The world of The Walking Dead is always full of surprises. The television adaptation of Robert Kirkman’s graphic novel has been a hit for AMC, as evident by the recent milestone of 100 episodes.
With season eight in full swing, the show is focused on a world-building arc. As the main characters have learned to combat the obvious dangers of the zombie apocalypse, their focus is now on building a life free from fear and oppression by the show’s main antagonistic group, The Saviors.
Season eight’s second episode, “The Damned,” featured one of the most surprising returns of the entire series. At the end of the episode, Rick encounters Morales – a character fans haven’t seen in The Walking Dead since all the way back in the first season.
This wasn’t the first time a character has returned after a lengthy absence. Merle Dixon, who was portrayed by Michael Rooker, made his debut in season one and didn’t pop back up until season three. Given this was a character created exclusively for the show, the surprise was all the more impactful when he finally returned.
Morgan, who is portrayed by Lennie James, made his debut in the show’s very first episode. He helped enlighten Rick (and the show’s viewers) about the state of the world, catching them up to speed on the scope of the undead plague. After making a brief appearance in season three, Morgan gained a recurring role in season five before becoming a part of the main cast once more in season six.
As for Morales, he’s a character that had some fans scratching their heads. His time in the show was brief, as he departed before the season-one finale. When Rick and the group elected to head to the Center for Disease Control, Morales and his family chose to stay back in Atlanta. Given that the original season only had six episodes, Morales’ screen-time was severely limited.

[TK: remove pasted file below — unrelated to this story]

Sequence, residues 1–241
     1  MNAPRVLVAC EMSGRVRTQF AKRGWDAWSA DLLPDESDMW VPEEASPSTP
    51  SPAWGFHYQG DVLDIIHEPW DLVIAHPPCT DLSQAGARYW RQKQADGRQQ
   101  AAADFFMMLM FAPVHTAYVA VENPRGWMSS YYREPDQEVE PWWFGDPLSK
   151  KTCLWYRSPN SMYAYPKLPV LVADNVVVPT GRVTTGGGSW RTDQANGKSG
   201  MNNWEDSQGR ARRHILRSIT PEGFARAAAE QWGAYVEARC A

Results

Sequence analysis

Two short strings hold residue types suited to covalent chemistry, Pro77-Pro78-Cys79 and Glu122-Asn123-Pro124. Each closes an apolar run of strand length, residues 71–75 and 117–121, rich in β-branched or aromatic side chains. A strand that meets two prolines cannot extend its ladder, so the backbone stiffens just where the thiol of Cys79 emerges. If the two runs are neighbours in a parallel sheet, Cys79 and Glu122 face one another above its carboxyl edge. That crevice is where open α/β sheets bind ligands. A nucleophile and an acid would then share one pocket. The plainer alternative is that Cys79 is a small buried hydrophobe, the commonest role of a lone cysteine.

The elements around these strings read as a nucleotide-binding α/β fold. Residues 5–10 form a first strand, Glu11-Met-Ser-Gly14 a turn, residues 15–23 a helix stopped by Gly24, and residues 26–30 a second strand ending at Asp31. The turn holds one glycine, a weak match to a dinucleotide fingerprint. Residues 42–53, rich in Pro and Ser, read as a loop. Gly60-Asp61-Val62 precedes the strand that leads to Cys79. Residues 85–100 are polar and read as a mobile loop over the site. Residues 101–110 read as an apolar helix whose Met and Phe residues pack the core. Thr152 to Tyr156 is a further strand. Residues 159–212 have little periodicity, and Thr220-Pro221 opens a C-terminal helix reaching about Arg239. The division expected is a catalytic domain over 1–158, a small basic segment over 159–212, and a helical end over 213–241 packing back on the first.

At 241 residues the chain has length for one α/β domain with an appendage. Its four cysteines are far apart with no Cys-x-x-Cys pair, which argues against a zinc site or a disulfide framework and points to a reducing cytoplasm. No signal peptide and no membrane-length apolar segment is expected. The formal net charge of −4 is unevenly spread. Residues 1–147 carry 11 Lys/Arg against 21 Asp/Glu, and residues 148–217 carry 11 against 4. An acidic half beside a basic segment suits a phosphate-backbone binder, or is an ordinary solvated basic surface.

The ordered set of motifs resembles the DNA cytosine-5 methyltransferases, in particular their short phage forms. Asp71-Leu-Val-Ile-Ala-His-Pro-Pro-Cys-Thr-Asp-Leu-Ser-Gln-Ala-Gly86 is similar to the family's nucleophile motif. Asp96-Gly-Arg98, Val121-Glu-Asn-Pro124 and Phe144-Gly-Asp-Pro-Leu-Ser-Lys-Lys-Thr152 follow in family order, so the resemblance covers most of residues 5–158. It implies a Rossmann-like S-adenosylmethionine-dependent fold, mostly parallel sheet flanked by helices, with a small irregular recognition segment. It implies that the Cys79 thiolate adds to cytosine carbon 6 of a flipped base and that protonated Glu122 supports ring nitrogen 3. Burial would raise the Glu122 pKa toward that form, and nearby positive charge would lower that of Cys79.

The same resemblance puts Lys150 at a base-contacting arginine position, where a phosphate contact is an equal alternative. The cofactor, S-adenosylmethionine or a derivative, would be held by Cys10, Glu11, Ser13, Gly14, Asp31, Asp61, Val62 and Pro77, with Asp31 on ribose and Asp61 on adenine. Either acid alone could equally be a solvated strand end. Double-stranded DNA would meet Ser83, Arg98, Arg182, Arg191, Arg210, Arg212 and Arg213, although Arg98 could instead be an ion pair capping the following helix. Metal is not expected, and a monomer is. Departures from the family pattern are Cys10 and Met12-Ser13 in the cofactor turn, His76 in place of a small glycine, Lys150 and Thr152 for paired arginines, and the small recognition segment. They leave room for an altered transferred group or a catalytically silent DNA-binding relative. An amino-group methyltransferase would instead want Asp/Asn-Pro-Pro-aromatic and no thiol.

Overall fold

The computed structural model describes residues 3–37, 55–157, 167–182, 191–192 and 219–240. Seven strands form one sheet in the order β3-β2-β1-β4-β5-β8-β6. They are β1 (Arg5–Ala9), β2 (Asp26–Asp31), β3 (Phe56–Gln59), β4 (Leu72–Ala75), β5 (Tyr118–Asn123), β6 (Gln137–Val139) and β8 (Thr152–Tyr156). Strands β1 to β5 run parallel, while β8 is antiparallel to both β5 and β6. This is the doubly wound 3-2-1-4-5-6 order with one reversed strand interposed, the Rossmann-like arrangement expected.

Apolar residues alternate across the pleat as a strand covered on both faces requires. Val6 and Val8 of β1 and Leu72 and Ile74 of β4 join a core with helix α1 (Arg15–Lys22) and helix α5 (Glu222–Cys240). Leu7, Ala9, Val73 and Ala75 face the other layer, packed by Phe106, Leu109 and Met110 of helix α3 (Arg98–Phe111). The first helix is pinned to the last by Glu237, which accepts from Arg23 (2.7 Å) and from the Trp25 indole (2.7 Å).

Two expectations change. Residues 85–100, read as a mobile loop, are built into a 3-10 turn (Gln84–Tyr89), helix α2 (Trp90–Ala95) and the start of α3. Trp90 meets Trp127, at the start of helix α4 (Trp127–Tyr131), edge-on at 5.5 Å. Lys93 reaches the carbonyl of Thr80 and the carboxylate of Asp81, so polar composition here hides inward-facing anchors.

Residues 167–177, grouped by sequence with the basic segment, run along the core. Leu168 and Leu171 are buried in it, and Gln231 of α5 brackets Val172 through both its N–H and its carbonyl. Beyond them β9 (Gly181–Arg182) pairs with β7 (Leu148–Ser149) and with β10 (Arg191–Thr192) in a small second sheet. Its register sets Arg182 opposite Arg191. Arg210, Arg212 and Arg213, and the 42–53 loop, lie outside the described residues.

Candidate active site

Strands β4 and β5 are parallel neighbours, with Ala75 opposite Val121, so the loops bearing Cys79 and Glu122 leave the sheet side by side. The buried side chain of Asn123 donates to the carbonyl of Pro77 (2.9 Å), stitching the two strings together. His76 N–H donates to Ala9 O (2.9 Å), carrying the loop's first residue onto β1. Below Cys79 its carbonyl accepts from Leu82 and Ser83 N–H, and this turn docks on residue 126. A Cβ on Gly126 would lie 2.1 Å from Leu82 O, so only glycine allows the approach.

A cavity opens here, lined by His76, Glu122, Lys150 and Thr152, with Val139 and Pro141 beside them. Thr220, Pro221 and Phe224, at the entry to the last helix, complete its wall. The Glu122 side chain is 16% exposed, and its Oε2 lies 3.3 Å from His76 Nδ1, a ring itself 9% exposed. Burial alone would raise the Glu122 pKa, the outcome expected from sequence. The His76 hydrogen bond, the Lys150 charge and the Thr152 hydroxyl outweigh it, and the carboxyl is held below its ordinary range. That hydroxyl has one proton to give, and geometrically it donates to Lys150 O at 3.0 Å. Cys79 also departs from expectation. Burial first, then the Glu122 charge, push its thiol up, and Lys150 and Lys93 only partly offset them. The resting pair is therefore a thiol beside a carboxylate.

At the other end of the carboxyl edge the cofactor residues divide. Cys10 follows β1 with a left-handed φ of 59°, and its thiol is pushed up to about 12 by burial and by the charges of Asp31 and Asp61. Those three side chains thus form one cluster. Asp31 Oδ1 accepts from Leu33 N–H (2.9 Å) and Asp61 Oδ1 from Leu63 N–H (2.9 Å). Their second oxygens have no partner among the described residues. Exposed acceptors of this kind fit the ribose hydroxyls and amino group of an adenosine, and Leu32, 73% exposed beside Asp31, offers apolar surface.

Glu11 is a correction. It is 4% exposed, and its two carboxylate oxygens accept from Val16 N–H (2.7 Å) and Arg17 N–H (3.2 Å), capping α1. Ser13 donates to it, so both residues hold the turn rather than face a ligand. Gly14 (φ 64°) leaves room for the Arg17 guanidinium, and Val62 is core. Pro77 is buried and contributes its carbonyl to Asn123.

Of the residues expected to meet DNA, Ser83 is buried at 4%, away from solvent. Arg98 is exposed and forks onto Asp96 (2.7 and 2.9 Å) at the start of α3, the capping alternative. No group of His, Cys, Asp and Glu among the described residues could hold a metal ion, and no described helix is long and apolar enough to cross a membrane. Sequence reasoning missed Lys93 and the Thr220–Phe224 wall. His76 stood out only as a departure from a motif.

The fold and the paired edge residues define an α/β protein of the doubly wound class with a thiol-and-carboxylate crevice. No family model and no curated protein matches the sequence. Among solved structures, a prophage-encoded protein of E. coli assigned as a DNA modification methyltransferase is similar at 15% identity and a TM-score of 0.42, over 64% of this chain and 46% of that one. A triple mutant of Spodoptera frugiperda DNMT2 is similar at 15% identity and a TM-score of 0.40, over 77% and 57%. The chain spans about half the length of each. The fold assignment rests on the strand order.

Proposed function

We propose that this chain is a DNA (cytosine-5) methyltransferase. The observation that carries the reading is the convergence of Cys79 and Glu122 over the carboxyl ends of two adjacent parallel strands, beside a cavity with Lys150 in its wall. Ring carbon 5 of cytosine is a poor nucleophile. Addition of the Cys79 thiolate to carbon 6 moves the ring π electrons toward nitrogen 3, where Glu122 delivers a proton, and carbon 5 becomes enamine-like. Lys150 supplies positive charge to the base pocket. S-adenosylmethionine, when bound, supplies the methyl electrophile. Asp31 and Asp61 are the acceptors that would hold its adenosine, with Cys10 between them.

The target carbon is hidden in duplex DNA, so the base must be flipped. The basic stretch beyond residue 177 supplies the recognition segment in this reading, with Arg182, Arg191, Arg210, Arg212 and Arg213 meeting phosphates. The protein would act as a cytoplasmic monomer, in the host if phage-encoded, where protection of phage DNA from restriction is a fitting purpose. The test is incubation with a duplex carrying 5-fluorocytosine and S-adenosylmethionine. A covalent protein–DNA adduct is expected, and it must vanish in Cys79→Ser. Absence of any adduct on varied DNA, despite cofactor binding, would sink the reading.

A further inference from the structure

His shocking return may provide a great point of comparison for just how far the show, and its main character, have come. When Morales left the show, Rick was a different man. He vowed to leave no one behind, and never kill the living. Now Morales is aligned with The Saviors, and it remains to be seen whether his new opinion of his old acquaintance can be swayed.
Over the past season or so, the show has brought into question the morality of the main characters’ decisions. With a new group that matches and even exceeds the brutal tactics the survivors have used to make it this far, showrunners have been posing a curious question – are the show’s main characters really the good guys?
The showrunners have faced backlash for the slower pace the series has taken on. Kirkman had said this is necessary, though, as it illustrates how The Saviors function and why they’re such a threat. Further pushing the question of morality, showrunners have even suggested that audiences may have considered The Saviors as the heroes, rather than the villains, if the show was focused on them from the start.
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